Often we get asked how to calculate a how many amp hours the customer needs to run a device or multiple devices.
So we prepared some notes on various topics like “How to Calculate Battery Amp Hours” and others
Watts = Volts multiplied times Amps
Step 1.Take your time and this will make sense. The following information was copied from PowerStream.com
So you have an appliance or device like a pump for example and your want to know what size battery you need?
Ok, if the current drawn is x amps, the time is T hours then the capacity C in amp-hours is
C = xT
For example, if your pump is drawing 120 mA and you want it to run for 24 hours
C (amp hours) = 0.12 Amps * 24 hours = 2.88 amp hours (keep going, not done calculating yet)
Step 2. Battery Cycle life considerations
It isn’t good to run a battery all the way down to zero during each charge cycle. For example, if you want to use a lead acid battery for many cycles you shouldn’t run it past 80% of its charge, leaving 20% left in the battery. This not only extends the number of cycles you get, but lets the battery degrade by 20% before you start getting less run time than the design calls for
C’ = C/0.8 (80% depth of discharge or DOD)
For the example above
C’ = 2.88 AH / 0.8 = 3.6 AH battery (keep going)
Step 3: Rate of discharge considerations
Some battery chemistries give much fewer amp hours if you discharge them fast. This is called the Peukart effect. This is a big effect in alkaline, carbon zinc, zinc-air and lead acid batteries. For example if you draw at 1C on a lead acid battery you will only get half of the capacity that you would have if you had drawn at 0.05C. It is a small effect in NiCad, Lithium Ion, Lithium Polymer, and NiMH batteries.
For lead acid batteries the rated capacity (i.e. the number of AH stamped on the side of the battery) is typically given for a 20 hour discharge rate. If you are discharging at a slow rate you will get the rated number of amp-hours out of them. However, at high discharge rates the capacity falls steeply. A rule of thumb is that for a 1 hour discharge rate (i.e. drawing 10 amps from a 10 amp hour battery, or 1C) you will only get half of the rated capacity (or 5 amp-hours from a 10 amp-hour battery). Charts that detail this effect for different discharge rate can be used for greater accuracy. For example the data sheets listed in http://www.powerstream.com/BB.htm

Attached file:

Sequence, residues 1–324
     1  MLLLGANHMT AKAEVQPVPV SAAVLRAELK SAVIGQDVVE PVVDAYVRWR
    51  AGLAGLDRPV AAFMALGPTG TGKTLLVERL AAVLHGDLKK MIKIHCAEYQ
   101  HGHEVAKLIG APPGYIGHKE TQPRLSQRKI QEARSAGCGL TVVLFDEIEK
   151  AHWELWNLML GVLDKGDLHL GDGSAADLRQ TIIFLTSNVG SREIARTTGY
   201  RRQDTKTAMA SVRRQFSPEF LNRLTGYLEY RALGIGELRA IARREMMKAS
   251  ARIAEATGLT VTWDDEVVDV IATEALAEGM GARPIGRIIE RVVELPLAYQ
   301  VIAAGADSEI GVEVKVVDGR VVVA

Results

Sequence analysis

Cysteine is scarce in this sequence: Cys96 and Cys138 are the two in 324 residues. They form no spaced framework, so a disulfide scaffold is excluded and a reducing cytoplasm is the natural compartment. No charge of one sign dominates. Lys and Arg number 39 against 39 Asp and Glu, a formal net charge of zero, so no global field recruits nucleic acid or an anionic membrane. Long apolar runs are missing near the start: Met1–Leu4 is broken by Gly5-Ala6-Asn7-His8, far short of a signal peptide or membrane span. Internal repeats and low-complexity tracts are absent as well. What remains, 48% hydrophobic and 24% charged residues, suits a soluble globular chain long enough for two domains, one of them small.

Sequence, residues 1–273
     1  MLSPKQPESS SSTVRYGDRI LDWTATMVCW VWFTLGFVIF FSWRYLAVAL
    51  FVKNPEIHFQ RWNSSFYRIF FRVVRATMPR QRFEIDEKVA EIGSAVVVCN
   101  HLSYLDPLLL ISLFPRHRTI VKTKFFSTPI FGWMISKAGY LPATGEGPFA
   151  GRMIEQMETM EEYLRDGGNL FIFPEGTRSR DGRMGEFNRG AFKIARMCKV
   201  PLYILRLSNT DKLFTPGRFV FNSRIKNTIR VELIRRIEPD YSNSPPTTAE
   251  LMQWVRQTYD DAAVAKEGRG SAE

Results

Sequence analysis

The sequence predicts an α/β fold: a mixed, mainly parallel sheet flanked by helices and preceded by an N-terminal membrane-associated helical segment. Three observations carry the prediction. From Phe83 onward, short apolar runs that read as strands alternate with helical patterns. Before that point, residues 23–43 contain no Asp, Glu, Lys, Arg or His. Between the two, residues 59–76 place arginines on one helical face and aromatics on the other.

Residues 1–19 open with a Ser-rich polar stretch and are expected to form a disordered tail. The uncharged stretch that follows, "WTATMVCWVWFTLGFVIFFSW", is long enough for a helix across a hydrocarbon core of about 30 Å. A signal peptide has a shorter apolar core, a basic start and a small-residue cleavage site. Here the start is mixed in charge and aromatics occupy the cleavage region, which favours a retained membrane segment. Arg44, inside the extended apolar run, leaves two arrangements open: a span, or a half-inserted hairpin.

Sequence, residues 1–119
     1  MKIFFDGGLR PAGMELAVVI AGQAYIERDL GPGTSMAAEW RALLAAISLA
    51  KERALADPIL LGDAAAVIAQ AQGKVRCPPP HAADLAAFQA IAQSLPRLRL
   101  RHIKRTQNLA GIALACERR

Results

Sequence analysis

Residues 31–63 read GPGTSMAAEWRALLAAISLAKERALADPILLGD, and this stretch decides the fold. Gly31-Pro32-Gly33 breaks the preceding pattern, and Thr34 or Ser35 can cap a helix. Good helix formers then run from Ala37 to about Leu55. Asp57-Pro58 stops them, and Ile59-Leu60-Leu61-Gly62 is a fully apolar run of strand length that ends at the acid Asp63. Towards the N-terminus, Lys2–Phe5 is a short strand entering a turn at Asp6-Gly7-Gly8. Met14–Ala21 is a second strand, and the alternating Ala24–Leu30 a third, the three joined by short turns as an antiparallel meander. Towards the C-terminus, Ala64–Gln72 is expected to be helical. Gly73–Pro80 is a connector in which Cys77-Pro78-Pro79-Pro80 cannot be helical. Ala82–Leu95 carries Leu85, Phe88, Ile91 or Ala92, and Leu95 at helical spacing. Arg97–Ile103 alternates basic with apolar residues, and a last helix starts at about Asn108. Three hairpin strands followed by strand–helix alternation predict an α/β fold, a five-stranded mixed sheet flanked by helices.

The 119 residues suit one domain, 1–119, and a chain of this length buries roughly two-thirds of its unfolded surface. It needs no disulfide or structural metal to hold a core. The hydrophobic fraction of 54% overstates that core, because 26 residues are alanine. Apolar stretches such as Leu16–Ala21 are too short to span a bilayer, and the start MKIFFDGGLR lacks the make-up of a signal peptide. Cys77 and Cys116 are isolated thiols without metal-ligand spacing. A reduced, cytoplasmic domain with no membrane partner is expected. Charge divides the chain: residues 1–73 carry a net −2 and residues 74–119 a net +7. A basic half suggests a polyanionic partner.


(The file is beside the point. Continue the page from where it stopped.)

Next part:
For example, if your portable guitar amplifier is drawing a steady 20 amps and you want it to last 1 hour you would start out with Step 1:
C=20 amps * 1 hour = 20 AH
Then proceed to Step 2
C’ = 20 AH / 0.8 = 25 AH
Then take the high rate into account
C’‘=25 /.5 = 50 AH
Thus you would need a 50 amp hour sealed lead acid battery to run the amplifier for 1 hour at 20 amps average draw.
Step 4. What if you don’t have a constant load? The obvious thing to do is the thing to do. Figure out an average power drawn. Consider a repetitive cycle where each cycle is 1 hour. It consists of 20 amps for 1 second followed by 0.1 amps for the rest of the hour. The average current would be calculated as follows.
20*1/3600 + 0.1(3599)/3600 = 0.1044 amps average current.
(3600 is the number of seconds in an hour).
In other words, figure out how many amps is drawn on average and use steps 1 and 2. Step 3 is very difficult to predict in the case where you have small periods of high current. The news is good, a steady draw of 1C will lower the capacity much more than short 1C pulses followed by a rest period. So if the average current drawn is about a 20 hour rate, then you will get closer to the capacity predicted by a 20 hour rate, even though you are drawing it in high current pulses. Actual test data is hard to come by without doing the test yourself.
If you know the watts instead of amps, follow the following procedure
Step A: Convert watts to amps
Actually, watts is the fundamental unit of power and watt-hours is the energy stored. The key is to use the watts you know to calculate the amps at the battery voltage .
For example, say you want to run a 250 watt 110VAC light bulb from an inverter for 5 hours.
Watt-hours = watts * hours = 250 watts * 5 hours = 1250 watt hours
Account for the efficiency of the inverter, say 85%
Watt-hours = watts * hours / efficiency = 1250 / 0.85 = 1470 watt-hours
Since watts = amps * volts divide the watt hours by the voltage of the battery to get amp-hours of battery storage
Amp-hours (at 12 volts) = watt-hours / 12 volts = 1470 / 12 = 122.5 amp-hours.
If you are using a different voltage battery the amp-hours will change by dividing it by the battery voltage you are using.
Now go back to Steps 2-4 above to refine your calculation.